The ins and outs of EMS
|By Andy Balaskovitz|
Poking the sacred cow of public versus private emergency medical services
What started out as a simple question — how can deficit-ridden Lansing save $1 million in its emergency medical service, or EMS, budget? — turned into an inquiry so fraught with political and economic feuds, that one private ambulance company told me I was “poking the sacred cow” that is ambulance service.
Questions like, “If a private ambulance company can make money, why can’t the government?”; “Could the government effectively break even on a portion of public safety spending?”; and “Is public-based EMS better and faster than private-based EMS?” became relevant after cities started charging fees for giving rides to the hospital. Now the two sides — fire departments and private ambulance companies — are essentially competitors.
According to Lansing’s finance director, the city spends $4.2 million a year on EMS while recouping $3.2 million in fees charged for ambulance transports. The city says that’s just the cost of doing business and if you want good public safety, it’s going to cost you. The city also says it’s not in the public safety business to make money.
EMS has two components: first response and transport. All public safety departments — police, fire and EMS crews — are trained to be first responders to the scene of an accident. The transportation aspect — carting that person to the hospital — is where the cost/revenue debate gets complicated. Over the past 15 years, municipal fire departments that were in the transport business have started seeing it as a revenue generator and a job-securer as the number of fires decline. Private ambulance services have been doing it all along.
But despite bringing in $1 million less than it spends on EMS, Lansing Mayor Virg Bernero said there is no interest in privatizing ambulance transports. In his proposed fiscal year 2012 budget, there is no plan to take any of the city’s five ambulances out of service, one of which was just brought online in July. Bernero also recommends raising user fees by 15 percent.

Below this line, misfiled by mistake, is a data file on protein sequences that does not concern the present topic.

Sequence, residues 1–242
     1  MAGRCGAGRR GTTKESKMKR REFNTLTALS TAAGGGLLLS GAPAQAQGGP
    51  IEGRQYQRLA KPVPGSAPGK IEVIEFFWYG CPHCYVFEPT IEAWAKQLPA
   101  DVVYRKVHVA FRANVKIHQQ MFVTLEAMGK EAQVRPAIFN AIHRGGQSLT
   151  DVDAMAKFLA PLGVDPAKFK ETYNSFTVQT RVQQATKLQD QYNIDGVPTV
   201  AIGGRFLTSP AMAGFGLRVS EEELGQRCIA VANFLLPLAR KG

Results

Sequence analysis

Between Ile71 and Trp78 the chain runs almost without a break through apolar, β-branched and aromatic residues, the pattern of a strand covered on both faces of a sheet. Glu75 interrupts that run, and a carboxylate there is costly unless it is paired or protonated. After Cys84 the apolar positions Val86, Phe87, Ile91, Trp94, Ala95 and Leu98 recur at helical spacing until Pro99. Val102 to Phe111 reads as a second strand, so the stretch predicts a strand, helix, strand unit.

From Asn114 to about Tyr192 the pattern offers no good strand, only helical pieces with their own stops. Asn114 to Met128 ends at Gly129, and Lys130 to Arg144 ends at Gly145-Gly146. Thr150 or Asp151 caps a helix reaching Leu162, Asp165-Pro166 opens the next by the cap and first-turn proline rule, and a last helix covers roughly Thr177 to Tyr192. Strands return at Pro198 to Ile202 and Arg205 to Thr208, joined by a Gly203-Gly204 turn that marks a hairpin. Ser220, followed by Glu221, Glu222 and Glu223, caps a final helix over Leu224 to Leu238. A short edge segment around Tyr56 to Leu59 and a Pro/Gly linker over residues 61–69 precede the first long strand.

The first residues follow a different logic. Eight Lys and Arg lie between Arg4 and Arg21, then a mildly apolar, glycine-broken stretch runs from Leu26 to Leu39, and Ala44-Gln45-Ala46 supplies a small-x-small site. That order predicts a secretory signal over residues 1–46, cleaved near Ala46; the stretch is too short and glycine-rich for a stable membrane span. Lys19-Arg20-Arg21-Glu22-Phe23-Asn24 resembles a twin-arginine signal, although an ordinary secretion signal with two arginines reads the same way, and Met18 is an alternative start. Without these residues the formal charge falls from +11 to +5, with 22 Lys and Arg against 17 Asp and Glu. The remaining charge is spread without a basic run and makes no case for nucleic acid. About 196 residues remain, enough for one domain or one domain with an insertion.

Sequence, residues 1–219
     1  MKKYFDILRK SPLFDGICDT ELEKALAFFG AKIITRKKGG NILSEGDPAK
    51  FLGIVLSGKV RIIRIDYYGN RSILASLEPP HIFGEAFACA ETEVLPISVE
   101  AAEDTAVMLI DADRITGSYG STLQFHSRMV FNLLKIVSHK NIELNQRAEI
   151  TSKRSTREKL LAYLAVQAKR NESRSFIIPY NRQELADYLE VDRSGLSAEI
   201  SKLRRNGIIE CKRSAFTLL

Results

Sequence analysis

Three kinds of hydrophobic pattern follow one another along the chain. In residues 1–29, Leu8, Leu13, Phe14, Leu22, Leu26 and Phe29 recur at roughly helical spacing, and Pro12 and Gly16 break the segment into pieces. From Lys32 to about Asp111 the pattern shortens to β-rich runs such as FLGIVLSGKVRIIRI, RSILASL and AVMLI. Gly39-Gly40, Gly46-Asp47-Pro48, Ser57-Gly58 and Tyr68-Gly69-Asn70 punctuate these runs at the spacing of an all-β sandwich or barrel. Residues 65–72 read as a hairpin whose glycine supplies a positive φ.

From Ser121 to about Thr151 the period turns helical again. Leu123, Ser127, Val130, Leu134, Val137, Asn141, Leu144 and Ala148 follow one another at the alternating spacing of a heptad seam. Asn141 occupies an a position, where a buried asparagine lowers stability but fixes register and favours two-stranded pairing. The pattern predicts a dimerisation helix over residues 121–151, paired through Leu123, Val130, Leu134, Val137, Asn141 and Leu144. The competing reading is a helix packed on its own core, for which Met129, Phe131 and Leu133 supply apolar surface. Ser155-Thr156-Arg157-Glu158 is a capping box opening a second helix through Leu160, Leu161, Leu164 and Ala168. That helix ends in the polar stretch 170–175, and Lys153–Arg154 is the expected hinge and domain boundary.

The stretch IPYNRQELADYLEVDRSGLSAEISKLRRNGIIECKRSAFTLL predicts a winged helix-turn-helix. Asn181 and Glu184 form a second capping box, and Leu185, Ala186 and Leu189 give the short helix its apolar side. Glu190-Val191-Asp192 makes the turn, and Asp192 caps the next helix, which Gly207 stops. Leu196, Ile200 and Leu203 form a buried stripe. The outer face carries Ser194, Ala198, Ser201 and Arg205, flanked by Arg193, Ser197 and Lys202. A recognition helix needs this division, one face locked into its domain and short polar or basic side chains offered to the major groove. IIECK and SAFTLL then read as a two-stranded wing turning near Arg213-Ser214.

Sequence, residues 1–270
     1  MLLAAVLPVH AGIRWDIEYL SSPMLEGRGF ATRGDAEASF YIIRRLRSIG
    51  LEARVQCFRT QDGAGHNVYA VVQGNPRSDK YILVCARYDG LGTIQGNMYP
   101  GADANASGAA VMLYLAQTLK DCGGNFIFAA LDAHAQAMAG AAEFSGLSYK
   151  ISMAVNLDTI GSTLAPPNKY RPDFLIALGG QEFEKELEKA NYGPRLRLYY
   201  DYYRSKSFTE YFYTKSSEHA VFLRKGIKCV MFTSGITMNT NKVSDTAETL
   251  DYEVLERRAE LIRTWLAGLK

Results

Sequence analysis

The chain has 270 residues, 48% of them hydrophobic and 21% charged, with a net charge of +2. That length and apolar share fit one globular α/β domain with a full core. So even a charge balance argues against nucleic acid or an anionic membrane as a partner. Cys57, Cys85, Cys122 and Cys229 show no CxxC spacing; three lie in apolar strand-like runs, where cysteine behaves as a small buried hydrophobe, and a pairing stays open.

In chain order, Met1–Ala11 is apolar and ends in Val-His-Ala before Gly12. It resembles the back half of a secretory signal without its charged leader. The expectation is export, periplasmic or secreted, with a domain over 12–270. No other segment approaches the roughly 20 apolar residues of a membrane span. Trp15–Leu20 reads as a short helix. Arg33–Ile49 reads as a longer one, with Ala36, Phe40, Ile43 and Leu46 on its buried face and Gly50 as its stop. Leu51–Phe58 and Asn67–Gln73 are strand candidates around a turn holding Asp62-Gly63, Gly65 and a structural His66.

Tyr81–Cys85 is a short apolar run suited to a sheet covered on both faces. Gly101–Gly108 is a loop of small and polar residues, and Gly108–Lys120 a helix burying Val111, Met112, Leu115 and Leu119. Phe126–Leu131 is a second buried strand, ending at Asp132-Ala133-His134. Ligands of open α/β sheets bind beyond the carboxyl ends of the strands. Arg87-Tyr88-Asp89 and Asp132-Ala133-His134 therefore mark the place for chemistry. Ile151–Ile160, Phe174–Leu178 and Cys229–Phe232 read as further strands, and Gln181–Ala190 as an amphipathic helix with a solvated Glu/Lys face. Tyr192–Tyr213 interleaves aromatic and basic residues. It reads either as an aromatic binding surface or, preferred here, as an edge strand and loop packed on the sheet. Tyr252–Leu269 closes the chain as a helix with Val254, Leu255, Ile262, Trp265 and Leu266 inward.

“I wouldn’t privatize police and fire,” Bernero said on a recent Monday after his budget proposal. “There are certain things government should do … . If you put a profit motive in them, the service might not be as good.”
However, Bernero also recommends closing three fire stations (he couldn’t specify which three the night he proposed his budget) and eliminating 71 positions in the Fire Department. But if Lansing voters approve a 4-mill property tax in a May 3 election, Bernero said $3.65 million of the nearly $9 million to be generated would go back into the Fire Department, bringing back two fire stations and 36 of those 71 positions.
Yet it is unclear what effect, if any, the cuts will have on EMS, Finance Director Jerry Ambrose said. Bernero said the notion of the city’s fire-based EMS being better than a private company is “just beginning” to be looked at.
“It’s not something we’ve studied in the past. It was something that was just not questioned,” he said. “People have been very happy with the paramedic response and ambulance service the city provides. It doesn’t pay for itself, but we can recoup some of the costs of it.”
Dennis Palmer, president of private-based Mercy Ambulance Service at 1422 E. Michigan Ave. on Lansing’s east side, said he is there if the city needs support. While six ambulances sit at the east side garage, Palmer said he could spread those out if necessary around the city, if the city were to eliminate one or two ambulances. But Palmer, who has unsuccessfully sought the city’s business before, doesn’t expect the city to call on him.